A Strange Friendship: A Story of New Zealand
I have been to Melbourne, and have failed in what I undertook to do. I write this at Fernyhurst, on the evening of my return home; and I have not yet had time to learn anything that may have happened in my absence.
I have not been able to ascertain anything about Richard and Violet. After steadily and persistently following up my inquiries for several weeks, with my own only too familiar knowledge of Richard's tastes and habits as a guide, I am page 200 persuaded that they are not at present in Melbourne at all. Somewhere in Australia they may be—most probably they are; but it is useless to attempt to trace them farther.
So I have come back to Fernyhurst to wait patiently for events. My old experience assures me that Richard will only stay away as long as his money lasts. When that is exhausted he will be sure to come to me.
I was puzzled at first as to how he had obtained his funds for this escapade at all, until I discovered that he had tampered with the lock of my desk, and helped himself to a few hundred pounds in notes. If that were the only mischief he had succeeded in, it could be easily passed over; but the fellow is a cur at heart, and makes misery wherever he goes.
I have heard nothing all this time of Dolly, and page 201 as I cannot easily go over there to-night, I think I will invite Mrs. Barton into the sitting-room for half-an-hour, and try if I can discover from her gossip whether anything of importance has happened in my absences.
* * * * *
Mrs. Barton has been and gone again. She tells me that Somerset's affairs are reported to be in a bad way, that they have dismissed their maidservant, and Miss Dorothea is said to be wasting away with all the hard work she undertakes.
“The bonnie lassie has grown that pale and thin I would not have known her,” she said, “only her face is as sweet as ever. But she looks like the shadow of what she did when she was here two or three months ago.”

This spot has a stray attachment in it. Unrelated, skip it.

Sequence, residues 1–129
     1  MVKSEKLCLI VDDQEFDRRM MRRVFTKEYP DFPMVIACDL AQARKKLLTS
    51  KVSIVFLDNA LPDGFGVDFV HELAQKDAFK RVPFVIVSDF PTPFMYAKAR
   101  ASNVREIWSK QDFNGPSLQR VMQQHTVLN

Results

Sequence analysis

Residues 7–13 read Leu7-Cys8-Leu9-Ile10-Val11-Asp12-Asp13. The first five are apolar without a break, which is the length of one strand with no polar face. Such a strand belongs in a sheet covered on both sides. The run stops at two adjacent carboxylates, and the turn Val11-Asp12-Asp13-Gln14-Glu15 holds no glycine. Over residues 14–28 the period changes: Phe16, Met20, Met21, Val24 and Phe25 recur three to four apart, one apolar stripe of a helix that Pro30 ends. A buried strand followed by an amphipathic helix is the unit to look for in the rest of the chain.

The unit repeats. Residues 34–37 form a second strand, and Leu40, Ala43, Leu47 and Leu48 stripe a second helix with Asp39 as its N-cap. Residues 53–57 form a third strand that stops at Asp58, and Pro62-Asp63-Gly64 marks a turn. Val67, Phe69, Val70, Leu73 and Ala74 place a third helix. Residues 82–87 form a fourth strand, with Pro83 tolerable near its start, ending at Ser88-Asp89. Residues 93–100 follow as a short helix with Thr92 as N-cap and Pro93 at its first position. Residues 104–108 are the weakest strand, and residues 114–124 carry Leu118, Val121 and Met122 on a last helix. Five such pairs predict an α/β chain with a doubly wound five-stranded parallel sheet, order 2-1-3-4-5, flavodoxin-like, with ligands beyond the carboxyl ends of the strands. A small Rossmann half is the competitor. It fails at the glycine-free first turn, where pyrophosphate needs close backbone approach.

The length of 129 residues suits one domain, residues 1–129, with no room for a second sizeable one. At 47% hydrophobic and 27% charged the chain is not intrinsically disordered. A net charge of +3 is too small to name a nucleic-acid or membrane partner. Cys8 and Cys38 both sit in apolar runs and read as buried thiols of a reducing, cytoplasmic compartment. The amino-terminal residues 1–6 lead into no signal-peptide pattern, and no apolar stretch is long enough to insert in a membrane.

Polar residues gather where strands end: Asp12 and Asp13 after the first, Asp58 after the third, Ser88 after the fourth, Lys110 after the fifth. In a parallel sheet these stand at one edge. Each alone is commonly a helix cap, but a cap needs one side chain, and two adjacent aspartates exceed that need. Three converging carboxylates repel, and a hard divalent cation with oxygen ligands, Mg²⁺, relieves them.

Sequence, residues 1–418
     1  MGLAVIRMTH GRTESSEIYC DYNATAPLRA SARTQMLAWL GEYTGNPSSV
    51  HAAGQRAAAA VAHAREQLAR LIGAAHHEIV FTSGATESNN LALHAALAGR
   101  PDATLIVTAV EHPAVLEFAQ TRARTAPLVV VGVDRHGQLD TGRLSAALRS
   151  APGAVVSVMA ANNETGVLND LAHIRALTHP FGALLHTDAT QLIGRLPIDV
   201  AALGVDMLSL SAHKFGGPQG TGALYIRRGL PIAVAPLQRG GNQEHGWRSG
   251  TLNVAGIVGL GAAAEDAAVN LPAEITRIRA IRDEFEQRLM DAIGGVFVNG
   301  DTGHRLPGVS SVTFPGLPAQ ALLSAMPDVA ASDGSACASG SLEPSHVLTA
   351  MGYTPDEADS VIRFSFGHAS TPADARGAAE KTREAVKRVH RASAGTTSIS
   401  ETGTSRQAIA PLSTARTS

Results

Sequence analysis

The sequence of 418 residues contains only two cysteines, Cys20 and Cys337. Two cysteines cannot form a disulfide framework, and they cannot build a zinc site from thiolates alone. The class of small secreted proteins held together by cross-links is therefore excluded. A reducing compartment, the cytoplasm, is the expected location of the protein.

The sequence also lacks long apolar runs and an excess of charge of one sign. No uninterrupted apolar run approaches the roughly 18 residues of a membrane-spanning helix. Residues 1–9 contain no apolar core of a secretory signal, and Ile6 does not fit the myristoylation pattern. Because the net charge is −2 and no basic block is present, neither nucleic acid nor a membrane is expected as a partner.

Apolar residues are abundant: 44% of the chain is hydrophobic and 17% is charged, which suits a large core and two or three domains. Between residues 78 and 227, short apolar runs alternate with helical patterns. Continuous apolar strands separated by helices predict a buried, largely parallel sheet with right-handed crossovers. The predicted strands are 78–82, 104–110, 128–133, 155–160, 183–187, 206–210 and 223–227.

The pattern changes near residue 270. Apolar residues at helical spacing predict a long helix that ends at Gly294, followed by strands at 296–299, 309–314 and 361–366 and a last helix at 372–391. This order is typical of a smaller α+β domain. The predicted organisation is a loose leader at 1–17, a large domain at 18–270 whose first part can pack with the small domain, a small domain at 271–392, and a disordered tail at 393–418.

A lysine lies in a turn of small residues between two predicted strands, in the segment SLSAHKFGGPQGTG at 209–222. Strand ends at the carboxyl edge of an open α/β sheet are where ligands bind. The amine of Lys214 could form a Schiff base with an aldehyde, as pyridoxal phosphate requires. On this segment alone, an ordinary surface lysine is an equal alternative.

“Here!” said I, in amazement.
So then she told me of what I had not known page 202 before—Dolly's visit to her in the autumn to thank her for the fruit and flowers from the garden. I only wish I had happened to be at home at that particular day.
Since Mrs. Barton went away, I have been walking up and down the room in restless bitterness at the crookedness of things in this world. “The times are out of joint” truly with me tonight. Here am I, with wealth accumulating every day, and there is Dolly working herself to death a few miles off, and I dare say she would not let me give her even a pair of gloves if I tried. She spoke with icy coldness to me the last time I saw her. Ah, well, I must endeavour to be patient and to remember my old favourite lines,—
“Wait; my faith, is large in time,
And that which shapes it to some perfect end.”
Doubtless we shall each have, in the words of that grand Bible Verse, our “expected end.”
* * * * * *
I think on the whole it is well that Richard is not within my reach to-night. I am quite sure that there would be hot words, perhaps more than words, between us two. Thinking of all the entanglements which his cursed rascality has caused, makes me mad to-night. It is well he is away.
There is another subject of uneasiness pressing heavily upon my mind. I feel persuaded that Somerset's house has been built upon far too low an elevation, and too near to the creek. The winter so far has been, though cold, unusually dry. Should we now, however, enter upon a change of weather, and have a flood of any real violence, I shudder to think of what might happen.page 204
In any case I feel I cannot leave this neighbourhood again, at present. I must remain here, and watch the course of events, and be ready to render assistance in case anything should happen.
As for Dolly, I must and will win her sooner or later, and carry her off for my own especial care and keeping. I register the vow here. Dolly, you shall marry me. In spite of all that has happened, I will take no denial; but I will have you before long for my wife.